The other three freshmen will each have different roles and expectations. The 6-11 Darryl Watkins is another slender inside defender with long arms and could end up being a perfect complement to the rangy Warrick. But Watkins is still learning the game and could take a few months to adjust to the college flow of things. Forward Demetris Nichols might not be as strong as Watkins or as ready as Roberts, but he will play. Guard Louie McCrosky could end up being the most versatile perimeter player and most reliable shooter of the newcomers.
"The key will be how our freshmen do," Boeheim said. "We have duplication at some positions, and unless we get real creative, we've got to figure it out. Terrence Roberts could be our best player, and we've got to figure out how he gets his minutes."
In looking at his Orangemen, Boeheim sees comparisons to Maryland a year ago. The Terps lost three critical players (Juan Dixon, Lonny Baxter and Chris Wilcox) from their national title team, but they had a core returning in Steve Blake, Tahj Holden, Drew Nicholas and Ryan Randle. Maryland added some key freshmen, who by March made the Terps their usual dangerous selves in the NCAA Tournament.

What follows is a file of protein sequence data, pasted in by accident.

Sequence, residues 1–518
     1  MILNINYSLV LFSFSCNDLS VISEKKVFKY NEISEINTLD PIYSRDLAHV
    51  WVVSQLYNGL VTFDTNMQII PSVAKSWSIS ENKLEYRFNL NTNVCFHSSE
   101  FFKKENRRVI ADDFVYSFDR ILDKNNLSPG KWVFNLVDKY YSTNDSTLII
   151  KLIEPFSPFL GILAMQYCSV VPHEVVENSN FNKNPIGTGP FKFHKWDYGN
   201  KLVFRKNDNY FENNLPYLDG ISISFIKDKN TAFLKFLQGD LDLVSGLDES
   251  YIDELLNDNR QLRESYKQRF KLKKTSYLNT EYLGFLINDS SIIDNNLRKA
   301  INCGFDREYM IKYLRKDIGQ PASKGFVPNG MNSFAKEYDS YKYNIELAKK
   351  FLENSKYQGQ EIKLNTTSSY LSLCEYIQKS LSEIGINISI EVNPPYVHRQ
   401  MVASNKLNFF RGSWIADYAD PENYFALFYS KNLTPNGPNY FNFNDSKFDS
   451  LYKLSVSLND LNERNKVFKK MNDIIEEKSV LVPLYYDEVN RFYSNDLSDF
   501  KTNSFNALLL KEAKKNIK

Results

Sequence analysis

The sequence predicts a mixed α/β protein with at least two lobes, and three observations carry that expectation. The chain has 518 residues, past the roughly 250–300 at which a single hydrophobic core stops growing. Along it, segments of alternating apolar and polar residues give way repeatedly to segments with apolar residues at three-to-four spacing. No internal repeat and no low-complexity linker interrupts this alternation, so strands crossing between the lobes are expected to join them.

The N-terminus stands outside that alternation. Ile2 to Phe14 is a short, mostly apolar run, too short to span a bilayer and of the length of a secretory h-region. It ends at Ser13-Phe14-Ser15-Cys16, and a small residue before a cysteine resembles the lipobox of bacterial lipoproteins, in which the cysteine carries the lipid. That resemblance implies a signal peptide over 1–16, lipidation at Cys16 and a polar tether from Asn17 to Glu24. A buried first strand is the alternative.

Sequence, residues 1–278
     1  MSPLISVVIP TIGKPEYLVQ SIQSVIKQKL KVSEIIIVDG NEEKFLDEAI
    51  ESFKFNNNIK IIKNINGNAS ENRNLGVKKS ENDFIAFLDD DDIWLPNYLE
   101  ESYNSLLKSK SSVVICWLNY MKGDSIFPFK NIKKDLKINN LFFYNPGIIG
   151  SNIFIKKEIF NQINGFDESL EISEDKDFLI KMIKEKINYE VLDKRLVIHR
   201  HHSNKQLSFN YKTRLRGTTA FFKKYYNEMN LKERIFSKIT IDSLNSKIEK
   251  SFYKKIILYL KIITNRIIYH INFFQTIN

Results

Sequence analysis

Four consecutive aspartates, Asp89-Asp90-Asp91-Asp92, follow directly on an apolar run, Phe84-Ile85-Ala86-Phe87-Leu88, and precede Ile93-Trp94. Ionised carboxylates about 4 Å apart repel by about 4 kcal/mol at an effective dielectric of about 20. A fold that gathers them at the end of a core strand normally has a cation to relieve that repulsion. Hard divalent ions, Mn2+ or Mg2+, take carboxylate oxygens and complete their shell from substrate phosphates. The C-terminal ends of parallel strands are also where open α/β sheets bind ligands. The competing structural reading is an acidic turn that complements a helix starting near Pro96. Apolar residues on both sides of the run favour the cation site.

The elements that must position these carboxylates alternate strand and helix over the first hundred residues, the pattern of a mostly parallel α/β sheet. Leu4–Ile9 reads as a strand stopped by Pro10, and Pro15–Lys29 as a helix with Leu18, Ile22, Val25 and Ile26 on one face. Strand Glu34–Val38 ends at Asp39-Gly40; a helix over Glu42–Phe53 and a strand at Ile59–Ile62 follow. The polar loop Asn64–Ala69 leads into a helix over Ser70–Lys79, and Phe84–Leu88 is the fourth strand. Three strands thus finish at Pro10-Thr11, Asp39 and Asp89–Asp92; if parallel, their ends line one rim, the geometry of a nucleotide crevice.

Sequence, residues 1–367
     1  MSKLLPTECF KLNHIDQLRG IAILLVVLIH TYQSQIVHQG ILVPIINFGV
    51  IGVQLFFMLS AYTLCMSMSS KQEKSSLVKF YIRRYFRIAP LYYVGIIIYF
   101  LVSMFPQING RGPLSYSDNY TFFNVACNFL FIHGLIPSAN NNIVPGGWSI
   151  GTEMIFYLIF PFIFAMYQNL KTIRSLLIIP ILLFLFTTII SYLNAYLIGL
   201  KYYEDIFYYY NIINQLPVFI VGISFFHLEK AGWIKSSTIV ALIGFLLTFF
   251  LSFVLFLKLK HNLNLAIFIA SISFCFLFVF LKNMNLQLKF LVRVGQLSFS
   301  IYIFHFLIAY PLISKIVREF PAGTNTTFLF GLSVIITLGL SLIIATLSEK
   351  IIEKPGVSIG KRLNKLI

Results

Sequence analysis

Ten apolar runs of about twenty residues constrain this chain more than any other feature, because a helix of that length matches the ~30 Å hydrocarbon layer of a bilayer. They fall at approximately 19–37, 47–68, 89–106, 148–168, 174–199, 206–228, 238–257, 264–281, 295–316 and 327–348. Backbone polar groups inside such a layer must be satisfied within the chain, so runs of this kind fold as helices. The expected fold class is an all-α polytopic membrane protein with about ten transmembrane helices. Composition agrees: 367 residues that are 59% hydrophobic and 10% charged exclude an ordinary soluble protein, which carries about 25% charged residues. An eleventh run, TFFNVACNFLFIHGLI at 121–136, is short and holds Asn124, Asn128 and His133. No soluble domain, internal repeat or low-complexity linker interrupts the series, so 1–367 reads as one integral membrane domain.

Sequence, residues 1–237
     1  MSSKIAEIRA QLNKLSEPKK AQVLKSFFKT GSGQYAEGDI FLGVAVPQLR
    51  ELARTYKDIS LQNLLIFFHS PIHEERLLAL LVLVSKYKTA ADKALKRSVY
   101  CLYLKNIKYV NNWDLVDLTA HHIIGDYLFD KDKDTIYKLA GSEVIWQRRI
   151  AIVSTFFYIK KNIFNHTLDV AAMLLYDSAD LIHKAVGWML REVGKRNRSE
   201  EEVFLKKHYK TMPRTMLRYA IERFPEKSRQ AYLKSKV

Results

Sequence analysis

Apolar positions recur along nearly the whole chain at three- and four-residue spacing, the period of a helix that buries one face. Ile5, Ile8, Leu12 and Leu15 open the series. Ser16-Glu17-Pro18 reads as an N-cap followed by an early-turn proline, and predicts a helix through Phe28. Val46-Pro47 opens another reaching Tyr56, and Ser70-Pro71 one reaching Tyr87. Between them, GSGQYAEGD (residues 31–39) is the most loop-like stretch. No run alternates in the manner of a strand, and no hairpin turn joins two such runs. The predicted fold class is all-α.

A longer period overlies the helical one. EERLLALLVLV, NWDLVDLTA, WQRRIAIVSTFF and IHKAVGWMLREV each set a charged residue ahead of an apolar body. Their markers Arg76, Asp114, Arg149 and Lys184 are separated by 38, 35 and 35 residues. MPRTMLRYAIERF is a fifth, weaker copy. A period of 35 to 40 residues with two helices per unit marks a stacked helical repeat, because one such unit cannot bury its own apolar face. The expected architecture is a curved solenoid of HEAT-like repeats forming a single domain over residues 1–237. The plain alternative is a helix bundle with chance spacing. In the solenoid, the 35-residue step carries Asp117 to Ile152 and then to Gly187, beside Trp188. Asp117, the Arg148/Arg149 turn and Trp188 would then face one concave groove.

"We'll be just like that," Weaver said. "We will be a tough out in the NCAA Tournament."
Heck, they aren't even favored to win the Big East, let alone the national championship. But expectations are the same in Syracuse. The only difference is the Orange is trying do duplicate their Dance steps for the first time.
And, this program, its coach and the players still in town don't mind blending into the national landscape. It works for Boeheim. It works for the champs.
Andy Katz is a senior writer at ESPN.com.